The Spectacular Winning Queen Sacrifice Chess Computers Don't Understand - Gusev vs. Auerbach, 1946

The Spectacular Winning Queen Sacrifice Chess Computers Don't Understand - Gusev vs. Auerbach, 1946

SamCopeland
NM SamCopeland
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It's not often that humans outperform chess computers these days, but it DOES happen. Check out the incredible 23.Qxe5!! from Gusev vs. Auerbach, 1946. This queen sac proves to be the only forced win available, but chess engines don't see it!

This move has a fascinating history, as it was played in a minor Soviet tournament and was not always so famous, but it has gained attention over the years as analysts have puzzled over whether the move is clearly winning or not. Computer chess enthusiasts have been particularly interested in the engine's assessment of the move and whether they can solve the position. Most engines can't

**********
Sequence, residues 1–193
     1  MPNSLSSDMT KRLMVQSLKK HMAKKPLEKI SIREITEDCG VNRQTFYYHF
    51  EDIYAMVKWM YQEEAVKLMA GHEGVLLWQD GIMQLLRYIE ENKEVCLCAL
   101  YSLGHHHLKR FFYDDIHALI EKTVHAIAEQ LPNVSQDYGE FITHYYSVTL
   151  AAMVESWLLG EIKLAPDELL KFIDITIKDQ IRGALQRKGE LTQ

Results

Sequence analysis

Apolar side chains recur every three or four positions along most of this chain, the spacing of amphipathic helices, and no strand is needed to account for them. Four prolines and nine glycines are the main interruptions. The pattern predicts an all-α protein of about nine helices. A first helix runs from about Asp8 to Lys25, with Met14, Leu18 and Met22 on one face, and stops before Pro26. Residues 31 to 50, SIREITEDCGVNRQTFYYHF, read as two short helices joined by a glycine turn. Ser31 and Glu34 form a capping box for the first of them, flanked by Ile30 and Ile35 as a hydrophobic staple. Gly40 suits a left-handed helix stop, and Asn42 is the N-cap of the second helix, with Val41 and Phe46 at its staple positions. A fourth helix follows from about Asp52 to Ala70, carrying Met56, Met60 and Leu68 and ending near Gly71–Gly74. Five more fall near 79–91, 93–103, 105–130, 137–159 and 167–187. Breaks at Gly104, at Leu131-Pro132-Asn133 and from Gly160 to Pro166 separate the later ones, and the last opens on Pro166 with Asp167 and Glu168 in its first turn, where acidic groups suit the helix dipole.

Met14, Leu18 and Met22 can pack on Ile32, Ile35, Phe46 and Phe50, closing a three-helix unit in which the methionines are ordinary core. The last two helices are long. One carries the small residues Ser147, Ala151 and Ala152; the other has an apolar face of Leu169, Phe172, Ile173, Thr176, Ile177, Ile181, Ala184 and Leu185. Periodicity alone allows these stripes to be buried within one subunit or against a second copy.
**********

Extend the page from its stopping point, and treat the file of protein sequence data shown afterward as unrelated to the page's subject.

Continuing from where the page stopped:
The answer is, "Yes!" The moves does win, but only with difficult and accurate play. Here is the proof from the user "Vass" on the ChessPub forums.

Top 10 Games of the 1940s

The game initially opens questionably as White pushes forward with 11.g4? Black could seize the advantage, but frankly cowardly play allows White's aggression to go unpunished as White moves forward with almost every opportunity.

Just as it appears White had gone too far, and will lose the e6-pawn and the advantage, White uncorks the brilliant 24.Qxe5!! This move wins the game, but it only does so by force if White finds the subtle 28.a4!! Black misses the last chance, taking on b3 and pushing ...a5, and White soon wins.

My annotations are below. Please don't simply cite a computer evaluation to refute my analysis. The engines don't understand this sacrifice!

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